3 On Your Side: ID Thieves Target Kids
Get Breaking News First
PHILADELPHIA (CBS) — Your child could become a crime victim, and you might not even know it until years from now! Thousands of children are being targeted each year by a new, growing form of “high-tech” child identity theft. 3 On Your Side Consumer Reporter Jim Donovan explains.
The first time Axton Betz applied for an apartment, she learned that she was thousands of dollars in debt. She says, “I was devastated.”
Axton was only a child when she says a thief stole her social security number and started running up bills. With her credit ruined as an adult, she’s now had to pay a deposit just to get the lights turned on. The lowest car loan rate she could get was 18%, and the lowest credit card interest rate she could get was 29%!
“It’s been life changing and life defining,” Axton says.
Recent studies report that anywhere from 140,000 to 400,000 children per year are ID theft victims. Bo Holland of All Clear ID says, “The kids were being targeted at a rate of 51 times the adults.”
High-tech thieves take children’s pristine social security numbers — which have never appeared in the credit reporting system – and add a fake name, then open a cell phone or utility account and, presto, a new credit history is established. Usually, the theft isn’t caught until the child becomes a young adult.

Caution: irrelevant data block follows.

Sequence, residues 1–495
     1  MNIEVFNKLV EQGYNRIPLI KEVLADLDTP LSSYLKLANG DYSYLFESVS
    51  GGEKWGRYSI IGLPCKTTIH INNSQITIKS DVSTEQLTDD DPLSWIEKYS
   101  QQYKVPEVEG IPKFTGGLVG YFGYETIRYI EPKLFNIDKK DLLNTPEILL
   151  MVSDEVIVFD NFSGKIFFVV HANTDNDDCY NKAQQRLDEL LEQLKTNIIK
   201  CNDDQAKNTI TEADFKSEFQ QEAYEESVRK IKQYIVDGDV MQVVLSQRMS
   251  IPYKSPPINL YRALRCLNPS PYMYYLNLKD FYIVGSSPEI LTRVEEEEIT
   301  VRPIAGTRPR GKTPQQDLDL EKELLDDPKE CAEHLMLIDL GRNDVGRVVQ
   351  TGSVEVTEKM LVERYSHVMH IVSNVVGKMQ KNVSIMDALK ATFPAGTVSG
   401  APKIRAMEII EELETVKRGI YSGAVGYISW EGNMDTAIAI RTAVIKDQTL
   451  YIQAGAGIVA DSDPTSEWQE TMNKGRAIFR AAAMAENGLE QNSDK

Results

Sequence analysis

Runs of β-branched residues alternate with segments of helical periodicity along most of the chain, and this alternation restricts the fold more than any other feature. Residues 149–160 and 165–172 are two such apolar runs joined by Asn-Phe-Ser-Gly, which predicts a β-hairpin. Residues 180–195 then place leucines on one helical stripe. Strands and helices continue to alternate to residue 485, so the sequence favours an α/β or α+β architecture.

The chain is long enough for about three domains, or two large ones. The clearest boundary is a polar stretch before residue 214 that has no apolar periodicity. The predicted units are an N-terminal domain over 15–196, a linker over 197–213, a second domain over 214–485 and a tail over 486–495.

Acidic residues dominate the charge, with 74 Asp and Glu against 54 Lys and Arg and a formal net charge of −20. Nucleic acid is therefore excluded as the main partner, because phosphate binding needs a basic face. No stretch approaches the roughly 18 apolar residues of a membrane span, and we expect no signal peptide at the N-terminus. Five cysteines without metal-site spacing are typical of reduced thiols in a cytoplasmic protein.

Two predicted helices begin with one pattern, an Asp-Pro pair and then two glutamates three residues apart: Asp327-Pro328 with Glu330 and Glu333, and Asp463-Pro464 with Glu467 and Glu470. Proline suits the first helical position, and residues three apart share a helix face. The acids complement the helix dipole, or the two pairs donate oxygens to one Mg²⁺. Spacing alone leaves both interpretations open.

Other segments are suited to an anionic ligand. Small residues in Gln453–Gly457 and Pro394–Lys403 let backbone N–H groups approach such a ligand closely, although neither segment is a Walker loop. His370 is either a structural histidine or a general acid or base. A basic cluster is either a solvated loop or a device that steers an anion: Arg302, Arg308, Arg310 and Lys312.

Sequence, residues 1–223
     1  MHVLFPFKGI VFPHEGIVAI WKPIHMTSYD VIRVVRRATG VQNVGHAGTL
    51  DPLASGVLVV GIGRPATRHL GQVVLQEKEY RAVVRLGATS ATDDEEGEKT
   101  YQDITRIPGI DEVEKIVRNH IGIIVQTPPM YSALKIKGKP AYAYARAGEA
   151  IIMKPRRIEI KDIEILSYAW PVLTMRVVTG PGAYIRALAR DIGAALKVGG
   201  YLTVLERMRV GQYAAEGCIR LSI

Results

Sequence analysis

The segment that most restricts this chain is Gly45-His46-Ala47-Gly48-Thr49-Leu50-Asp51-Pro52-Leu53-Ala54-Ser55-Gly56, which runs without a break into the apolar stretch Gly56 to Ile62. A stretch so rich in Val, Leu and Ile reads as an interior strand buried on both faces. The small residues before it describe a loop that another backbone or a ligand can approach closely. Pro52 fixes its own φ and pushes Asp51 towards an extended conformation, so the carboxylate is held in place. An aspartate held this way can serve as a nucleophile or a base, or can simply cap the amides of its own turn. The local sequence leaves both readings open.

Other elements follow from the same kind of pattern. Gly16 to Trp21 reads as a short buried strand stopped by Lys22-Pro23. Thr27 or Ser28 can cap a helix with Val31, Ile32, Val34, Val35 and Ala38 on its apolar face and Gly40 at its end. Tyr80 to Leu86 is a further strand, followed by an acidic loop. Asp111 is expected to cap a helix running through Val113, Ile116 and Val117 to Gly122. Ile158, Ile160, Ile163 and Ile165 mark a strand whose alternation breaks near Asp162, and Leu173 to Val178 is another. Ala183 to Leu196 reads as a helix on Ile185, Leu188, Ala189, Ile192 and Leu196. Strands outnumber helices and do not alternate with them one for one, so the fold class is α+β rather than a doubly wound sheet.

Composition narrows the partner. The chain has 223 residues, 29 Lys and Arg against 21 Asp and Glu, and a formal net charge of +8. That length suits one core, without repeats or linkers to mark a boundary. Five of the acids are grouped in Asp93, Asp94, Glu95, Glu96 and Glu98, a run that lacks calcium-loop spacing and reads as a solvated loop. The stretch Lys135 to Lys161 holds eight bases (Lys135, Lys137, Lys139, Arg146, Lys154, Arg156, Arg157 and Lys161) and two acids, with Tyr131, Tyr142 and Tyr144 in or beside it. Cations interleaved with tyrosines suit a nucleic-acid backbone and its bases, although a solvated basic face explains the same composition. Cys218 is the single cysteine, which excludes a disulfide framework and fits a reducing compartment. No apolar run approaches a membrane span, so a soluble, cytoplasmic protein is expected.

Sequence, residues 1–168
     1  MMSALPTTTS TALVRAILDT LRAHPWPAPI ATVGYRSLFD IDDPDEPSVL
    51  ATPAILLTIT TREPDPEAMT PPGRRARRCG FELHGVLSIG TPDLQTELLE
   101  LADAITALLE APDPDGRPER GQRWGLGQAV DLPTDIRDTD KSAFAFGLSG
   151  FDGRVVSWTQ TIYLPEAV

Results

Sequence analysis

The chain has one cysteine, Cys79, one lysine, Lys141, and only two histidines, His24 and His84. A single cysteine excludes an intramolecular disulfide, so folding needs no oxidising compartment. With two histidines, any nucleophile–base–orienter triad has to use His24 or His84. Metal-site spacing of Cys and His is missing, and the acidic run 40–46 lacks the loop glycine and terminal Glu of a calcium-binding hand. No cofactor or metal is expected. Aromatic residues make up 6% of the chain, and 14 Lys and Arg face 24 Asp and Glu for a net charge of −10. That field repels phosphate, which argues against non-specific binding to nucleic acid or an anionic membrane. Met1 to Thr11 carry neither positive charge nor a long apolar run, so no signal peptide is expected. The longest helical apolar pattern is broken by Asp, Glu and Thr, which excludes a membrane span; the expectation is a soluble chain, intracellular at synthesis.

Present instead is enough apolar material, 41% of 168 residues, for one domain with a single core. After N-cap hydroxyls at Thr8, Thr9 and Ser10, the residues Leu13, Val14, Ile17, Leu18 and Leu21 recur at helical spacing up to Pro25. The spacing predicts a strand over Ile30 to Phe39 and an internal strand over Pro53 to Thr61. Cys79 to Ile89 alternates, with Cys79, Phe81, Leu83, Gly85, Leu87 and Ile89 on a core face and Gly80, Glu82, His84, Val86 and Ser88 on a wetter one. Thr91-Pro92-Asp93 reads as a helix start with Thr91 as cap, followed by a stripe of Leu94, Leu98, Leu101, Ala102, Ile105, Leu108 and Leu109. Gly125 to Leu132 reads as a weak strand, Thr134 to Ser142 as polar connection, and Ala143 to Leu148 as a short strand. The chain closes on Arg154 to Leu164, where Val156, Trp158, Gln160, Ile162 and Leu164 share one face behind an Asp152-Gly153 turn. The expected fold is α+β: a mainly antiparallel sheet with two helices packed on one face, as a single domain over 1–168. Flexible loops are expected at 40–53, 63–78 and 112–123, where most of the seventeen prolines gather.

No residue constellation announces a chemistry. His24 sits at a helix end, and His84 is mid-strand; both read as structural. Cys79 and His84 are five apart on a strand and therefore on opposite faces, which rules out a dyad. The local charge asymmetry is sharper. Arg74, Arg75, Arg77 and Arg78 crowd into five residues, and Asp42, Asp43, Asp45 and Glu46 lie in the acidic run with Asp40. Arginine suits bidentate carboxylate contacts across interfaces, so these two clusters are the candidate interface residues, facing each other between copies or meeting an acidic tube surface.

Tom Oscherwitz of ID Analytics says, “The first day they go into the credit market when they’re 18 they could be in for a very ugly surprise.”
The stolen social security numbers are often sold online on black market websites for as little as $1.50!
“There are hundreds of these sites, unfortunately,” Holland says.
So how do you protect your child? Experts say to limit the places you provide your child’s social security number. If an agency requests it, ask why it’s needed and what precautions are taken to keep it private. Also, some computer viruses are programmed to find financial documents on your computer like tax returns and medical records, so be sure you virus protection is up-to-date too.
Reported by Jim Donovan, CBS3